With bars and restaurants closed, Czech microbreweries have had revenue cut and been left with soon-to-expire beer.
Czechs are among the world's biggest beer drinkers and a call has gone out for them to step up amid the coronavirus crisis.
Hundreds of the country's microbreweries face a bleak future after a nationwide shutdown of bars and restaurants began in mid-March.
It has deprived the craft brewers of customers, starved them of revenue and left them with a stock of soon-to-expire beer.
“We sell our beer in our own pub, and to one other bar, but because they are all closed, it’s a problem” said Premysl Lexa, head brewer at Moritz Inn brewery.
The Moritz Inn, based in the east of the country, is one of almost 170 microbreweries that have signed up to ZachranPivo, or “Save The Beer,” a recently-launched initiative that allows small brewers to sell their surplus stock before it spoils.
A user-friendly website helps customers locate their nearest brewery, and make an online order for collection.
As of March 31 there are 5,970,750 bottles of beer from 169 small breweries that “are waiting to be rescued”, its website states.
According to the Czech Republic’s microbreweries association, a quarter of these small, often family-run businesses will not survive the ensuing crisis.
But that forecast was made a week ago.
“I am even more pessimistic today,” said Michal Pomahac, the owner of the family-run Kytin brewery near Prague and co-founder of the Save The Beer initiative.
His own brewery has lost 80 per cent of turnover since restrictions began in mid-March, Pomahac said, although that is not as bad as breweries that only produce beer for kegs, some of which have seen their entire turnover disappear in a matter of weeks.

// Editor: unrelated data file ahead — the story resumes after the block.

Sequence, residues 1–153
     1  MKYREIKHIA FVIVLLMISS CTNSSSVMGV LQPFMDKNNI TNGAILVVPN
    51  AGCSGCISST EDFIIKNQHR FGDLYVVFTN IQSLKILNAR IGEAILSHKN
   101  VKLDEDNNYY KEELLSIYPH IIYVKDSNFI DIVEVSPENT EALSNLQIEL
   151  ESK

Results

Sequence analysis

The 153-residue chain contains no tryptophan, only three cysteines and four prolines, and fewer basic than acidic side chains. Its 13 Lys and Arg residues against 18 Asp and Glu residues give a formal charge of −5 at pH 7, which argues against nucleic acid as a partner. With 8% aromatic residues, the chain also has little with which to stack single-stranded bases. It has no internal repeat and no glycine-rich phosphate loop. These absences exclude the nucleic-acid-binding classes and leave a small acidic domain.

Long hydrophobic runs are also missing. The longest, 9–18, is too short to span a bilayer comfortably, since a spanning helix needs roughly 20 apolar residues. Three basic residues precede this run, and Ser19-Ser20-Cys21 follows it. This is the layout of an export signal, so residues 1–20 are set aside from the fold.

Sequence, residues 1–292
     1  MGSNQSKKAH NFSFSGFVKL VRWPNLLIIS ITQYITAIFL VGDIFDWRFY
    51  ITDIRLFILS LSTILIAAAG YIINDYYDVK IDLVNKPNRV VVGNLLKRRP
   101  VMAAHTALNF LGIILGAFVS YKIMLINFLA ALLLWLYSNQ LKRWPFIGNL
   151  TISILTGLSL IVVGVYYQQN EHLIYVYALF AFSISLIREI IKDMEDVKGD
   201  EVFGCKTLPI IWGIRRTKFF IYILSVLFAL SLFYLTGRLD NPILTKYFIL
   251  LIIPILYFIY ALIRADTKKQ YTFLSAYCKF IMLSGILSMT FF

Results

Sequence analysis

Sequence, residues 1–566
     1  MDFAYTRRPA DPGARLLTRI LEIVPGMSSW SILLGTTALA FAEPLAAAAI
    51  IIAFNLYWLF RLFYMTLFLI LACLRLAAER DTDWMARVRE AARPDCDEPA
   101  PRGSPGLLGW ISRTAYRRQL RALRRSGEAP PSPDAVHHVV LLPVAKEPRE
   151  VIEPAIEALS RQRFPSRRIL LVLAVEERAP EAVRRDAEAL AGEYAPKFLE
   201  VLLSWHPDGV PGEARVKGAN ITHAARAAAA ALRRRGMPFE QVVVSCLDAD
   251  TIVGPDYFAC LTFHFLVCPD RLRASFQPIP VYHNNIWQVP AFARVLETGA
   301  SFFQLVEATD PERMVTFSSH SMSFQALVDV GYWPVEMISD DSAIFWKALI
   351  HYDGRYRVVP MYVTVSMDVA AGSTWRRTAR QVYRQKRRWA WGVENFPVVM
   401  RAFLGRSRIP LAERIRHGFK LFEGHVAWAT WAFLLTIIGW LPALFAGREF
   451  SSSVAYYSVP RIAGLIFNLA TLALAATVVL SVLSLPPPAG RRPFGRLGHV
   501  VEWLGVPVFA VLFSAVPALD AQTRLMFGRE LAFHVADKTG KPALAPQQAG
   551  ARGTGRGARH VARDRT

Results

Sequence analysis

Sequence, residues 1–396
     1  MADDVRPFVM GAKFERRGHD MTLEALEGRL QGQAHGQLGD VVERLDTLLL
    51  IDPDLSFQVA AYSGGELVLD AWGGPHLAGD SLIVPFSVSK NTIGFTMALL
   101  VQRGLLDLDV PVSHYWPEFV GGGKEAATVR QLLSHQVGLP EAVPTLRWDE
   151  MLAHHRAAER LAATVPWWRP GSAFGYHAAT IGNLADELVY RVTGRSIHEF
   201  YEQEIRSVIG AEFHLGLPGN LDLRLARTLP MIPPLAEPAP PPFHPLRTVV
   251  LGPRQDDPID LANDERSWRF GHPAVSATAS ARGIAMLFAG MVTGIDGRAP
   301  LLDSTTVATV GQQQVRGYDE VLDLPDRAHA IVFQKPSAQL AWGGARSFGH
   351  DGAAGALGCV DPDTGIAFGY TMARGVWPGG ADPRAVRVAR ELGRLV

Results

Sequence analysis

Many breweries, in expectation of a soaring trade at Easter in early April, began producing large batches in past months. But forced closures of bars and restaurants means most breweries are now without clients.
Unable to sell draught beer in barrels or kegs to such venues, most have had to instead sell bottled beer to individual customers. The larger breweries, meanwhile, have the contracts to keep their brands well-stocked in supermarkets. Yet for many microbreweries producing unfiltered craft beer, with a short shelf-life, it’s a race against time.
The Czech Republic had the seventh largest beer industry in the EU in 2016, and a survey last year found that as well as six large breweries, there are almost 30 mid-sized ones as well as 440 microbreweries, up from 160 in 2012.
Czech firms exported a record-high 5.16 million hectolitres of beer last year, a rise of 11 per cent from 2018, according to data from the Czech Beer and Malt Association. Beer exports were worth about €290 million in 2018. Plzensky Prazdroj, the country’s largest brewery, was reportedly the tenth biggest taxpayer in the country that year.